In 1988, hip hop was starting to splinter into a variety of sonic and thematic niches. Public Enemy and Boogie Down Productions were taking wildly different approaches socio-political commentary, whilst N.W.A was imbuing their social critiques with images of violent gangsterism. Slick Rick was putting his posh accent to use as a peerless storyteller, whilst Big Daddy Kane was using his battle-honed rhymes to cast himself as hip hop's original playa. Amongst this vibrant and blossoming national scene, a small NYC trio found yet another path to travel.
The Jungle Brothers are Afrika Baby Bam, Mike G and DJ Sammy B. The jungle for which they were named bridged the two worlds in which they existed: the concrete jungle of New York City, and the distant jungles of Africa. Their sex-positive irreverence brought new levity to hip hop, incorporating dance-friendly jams alongside prescriptive tales of inner-city struggles. The synthesis proved to be popular, and at the time of release, it was already shaping a new musical movement.
Straight Out The Jungle marked the debut of the Native Tongues collective, a collection of hip hop acts united by their positive, Afrocentric lyricism and jazz-tinged sampling prowess. As spiritual successors to the Universal Zulu Nation, the collective would proved an influential movement throughout the latter half of the so-called golden age, with a slew of successful releases from Jungle Brothers, A Tribe Called Quest and De La Soul. Acts who existed on the periphery of the movement also experienced success throughout this period, including Brand Nubian, The Pharcyde and Common.
Whilst we're looking to celebrate the thirtieth anniversary of the record, that's proven difficult: release dates concerning the album are inconsistent at best. Wikipedia and many legitimate music websites list the release as November 8, though Billboard's chart data claims that the record peaked on the Hot R&B/Hip Hop Albums Chart on October 15. It makes sense that the November release would be the late '88 reissue, which added hit single "I'll House You," meaning that the album would have initially dropped sometime in the third quarter of '88. Regardless of timing, we're dedicating this instalment of The Behind... Series to a true jazz rap classic.
"Straight out the Jungle"
The title track and album opener, "Straight Out The Jungle" serves as a pithy introduction to the group and it's unique ethos. Afrika Baby Bam expounds on vision of self-assurance, humility and Afrocentric identity, whilst Mike G uses his verse to reiterate their hip hop prowess.
The drums on album opener and title track "Straight out the Jungle" are taken from Bill Withers' 1972 sophomore album, Still Bill. Drumming across the album was provided by prolific session musician James Gadson, who played on the album's most enduring hit, "Lean On Me."
The subdued guitar riff that opens the track is sampled from "Mango Meat," a track by Brooklyn funk outfit Mandrill.
Mandrill were a group with many different lineups and many different sounds: because of this, they defy easy categorisation. The group experienced most of their success throughout the '70s and early '80s, though they've continued recording since, releasing their most recent project in 2009.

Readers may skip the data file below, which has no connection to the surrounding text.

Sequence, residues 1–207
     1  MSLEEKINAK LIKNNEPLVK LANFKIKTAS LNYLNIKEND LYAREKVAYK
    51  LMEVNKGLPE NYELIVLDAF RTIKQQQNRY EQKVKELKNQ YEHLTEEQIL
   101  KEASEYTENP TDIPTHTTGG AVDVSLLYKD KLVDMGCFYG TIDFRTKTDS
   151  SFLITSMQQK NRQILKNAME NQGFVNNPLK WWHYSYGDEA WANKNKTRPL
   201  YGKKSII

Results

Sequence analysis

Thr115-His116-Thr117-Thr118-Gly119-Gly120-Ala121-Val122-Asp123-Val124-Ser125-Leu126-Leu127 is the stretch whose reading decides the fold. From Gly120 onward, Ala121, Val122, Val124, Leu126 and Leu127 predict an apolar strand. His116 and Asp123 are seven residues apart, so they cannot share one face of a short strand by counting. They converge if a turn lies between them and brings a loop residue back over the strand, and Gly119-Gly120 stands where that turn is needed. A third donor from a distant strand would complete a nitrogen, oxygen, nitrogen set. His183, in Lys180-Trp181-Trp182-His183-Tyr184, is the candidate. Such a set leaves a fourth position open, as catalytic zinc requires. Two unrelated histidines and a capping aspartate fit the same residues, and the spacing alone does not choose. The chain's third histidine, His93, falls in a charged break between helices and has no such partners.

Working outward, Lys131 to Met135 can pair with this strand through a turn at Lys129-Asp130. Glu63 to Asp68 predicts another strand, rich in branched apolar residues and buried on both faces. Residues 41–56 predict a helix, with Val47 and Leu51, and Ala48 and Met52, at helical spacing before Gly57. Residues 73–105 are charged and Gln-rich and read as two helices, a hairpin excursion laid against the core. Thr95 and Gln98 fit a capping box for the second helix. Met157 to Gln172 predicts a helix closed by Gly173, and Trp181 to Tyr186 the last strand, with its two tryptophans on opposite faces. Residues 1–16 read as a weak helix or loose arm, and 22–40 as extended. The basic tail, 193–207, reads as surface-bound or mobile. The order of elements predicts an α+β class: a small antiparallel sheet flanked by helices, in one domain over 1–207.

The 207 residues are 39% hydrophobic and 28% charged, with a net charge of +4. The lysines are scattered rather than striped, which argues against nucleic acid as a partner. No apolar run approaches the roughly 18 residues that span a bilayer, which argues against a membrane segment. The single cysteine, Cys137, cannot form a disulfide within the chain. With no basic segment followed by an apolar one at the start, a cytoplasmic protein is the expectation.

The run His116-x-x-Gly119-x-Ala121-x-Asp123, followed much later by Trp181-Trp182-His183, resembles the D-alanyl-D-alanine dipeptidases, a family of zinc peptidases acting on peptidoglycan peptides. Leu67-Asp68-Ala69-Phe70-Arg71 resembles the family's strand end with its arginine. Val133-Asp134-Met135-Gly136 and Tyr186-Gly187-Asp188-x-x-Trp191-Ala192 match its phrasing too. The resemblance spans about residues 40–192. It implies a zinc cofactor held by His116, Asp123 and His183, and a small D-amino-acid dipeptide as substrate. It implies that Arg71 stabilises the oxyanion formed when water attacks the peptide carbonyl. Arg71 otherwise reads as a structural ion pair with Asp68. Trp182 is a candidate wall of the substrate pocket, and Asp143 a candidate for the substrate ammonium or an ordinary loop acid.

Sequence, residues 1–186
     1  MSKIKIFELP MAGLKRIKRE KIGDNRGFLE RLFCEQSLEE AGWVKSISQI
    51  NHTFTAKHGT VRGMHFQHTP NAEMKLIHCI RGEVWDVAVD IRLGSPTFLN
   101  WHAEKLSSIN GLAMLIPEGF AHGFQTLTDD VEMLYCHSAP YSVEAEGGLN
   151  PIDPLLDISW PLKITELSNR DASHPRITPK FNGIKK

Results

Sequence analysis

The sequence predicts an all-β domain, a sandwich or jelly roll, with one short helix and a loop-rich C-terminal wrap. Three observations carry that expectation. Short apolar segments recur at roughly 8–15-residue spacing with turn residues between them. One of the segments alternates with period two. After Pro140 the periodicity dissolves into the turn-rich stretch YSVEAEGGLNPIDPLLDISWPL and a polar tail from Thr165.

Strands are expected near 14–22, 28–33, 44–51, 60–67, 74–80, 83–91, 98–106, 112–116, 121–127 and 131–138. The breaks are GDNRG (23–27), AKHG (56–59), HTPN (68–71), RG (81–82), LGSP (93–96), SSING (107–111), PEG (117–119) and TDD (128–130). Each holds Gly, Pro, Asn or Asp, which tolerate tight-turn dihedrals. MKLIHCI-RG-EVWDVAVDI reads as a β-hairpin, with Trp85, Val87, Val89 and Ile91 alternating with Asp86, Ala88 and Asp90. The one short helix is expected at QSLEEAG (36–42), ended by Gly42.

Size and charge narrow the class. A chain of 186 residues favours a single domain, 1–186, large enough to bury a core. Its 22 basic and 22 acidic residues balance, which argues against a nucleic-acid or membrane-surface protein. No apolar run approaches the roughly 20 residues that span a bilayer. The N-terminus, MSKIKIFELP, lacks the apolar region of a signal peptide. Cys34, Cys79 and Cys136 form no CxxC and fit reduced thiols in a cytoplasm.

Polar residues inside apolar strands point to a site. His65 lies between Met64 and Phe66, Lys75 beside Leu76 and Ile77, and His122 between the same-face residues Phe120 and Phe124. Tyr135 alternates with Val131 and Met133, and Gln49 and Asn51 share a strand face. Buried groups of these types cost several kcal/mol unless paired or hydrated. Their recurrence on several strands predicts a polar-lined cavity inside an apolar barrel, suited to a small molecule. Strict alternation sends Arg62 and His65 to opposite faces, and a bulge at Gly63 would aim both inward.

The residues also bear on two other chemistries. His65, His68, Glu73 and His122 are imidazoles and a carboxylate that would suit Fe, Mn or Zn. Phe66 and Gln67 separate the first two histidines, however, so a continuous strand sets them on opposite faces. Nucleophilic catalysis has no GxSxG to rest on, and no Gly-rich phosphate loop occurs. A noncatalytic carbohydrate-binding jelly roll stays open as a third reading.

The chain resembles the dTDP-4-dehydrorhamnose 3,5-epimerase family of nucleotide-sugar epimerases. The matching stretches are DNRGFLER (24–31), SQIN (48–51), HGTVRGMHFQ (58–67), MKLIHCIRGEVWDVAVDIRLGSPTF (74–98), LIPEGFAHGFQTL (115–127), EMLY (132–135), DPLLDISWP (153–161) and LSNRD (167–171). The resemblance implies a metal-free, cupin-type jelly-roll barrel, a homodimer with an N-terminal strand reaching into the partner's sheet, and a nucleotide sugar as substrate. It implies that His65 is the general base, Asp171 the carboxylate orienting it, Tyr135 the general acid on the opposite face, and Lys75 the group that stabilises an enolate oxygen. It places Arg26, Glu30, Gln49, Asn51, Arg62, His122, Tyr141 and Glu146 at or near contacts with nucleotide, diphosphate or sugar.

The foreign vocal samples that appear at 0:06 and 2:03 are taken from Manu Dibango's "Weya," where they appear at 0:06 and 0:36, respectively. The original track was released in 1974.
Jungle Brothers repurpose a cornerstone of early hip hop, Grandmaster Flash and the Furious Five's "The Message." The track, a 1982 hit, was the first prominent hip hop release to feature socio-political content, a break from the party-heavy rhymes of the day.
The sampled lyrics - "it's like a jungle sometimes, it makes me wonder how I keep from going under" - is amongst the most famous lyrics of that era.
A New Orleans-based Mardi Gras Indian tribe, The Wild Magnolias double as an unorthodox funk outfit. They released their six-track debut in 1974, backed by a collection of New Orleans musicians and greeted with critical acclaim.
The slowed horn hit and drumkit at 2:01 are taken from "(Somebody Got) Soul, Soul, Soul." Despite hip hop's penchant for funk music, the group are seldom sampled: this is one of just 13 samples.
"What's Going On"
Named for the Marvin Gaye cut sampled within, "What's Going On" is the group's first true foray into socio-political considerations. The track cuts a commanding figure in the '88 landscape: it's more lyrically intricate than the socio-political work of Boogie Down Productions and less violently 'gangsta' than N.W.A's brand of commentary. Unlike KRS-One, Jungle Brothers don't cast themselves as 'teachers' - instead, they comment on the ills of the concrete jungle from the place of an astute observer.
Kool and the Gang's "N.T." The abbreviation stands for "No Title," and the track was included on Live at P.J.'s, Kool and the Gang's third album. Interestingly, it was also their second live LP, including new material despite the live format.
The first sample, which appears at 0:33 on "What's Going On," is taken from 0:50 on "N.T.," whilst the sample that appears at 2:35 is sourced from 3:33.
A sample of Gaye's titular refrain acts as a hook in the Jungle Brothers' similarly socio-political track: the wordless vocalisations that are inserted before the titular phrase are sourced from 1:53, whilst the phrase itself actually comes from earlier in the track, at 1:33.
"Black is Black"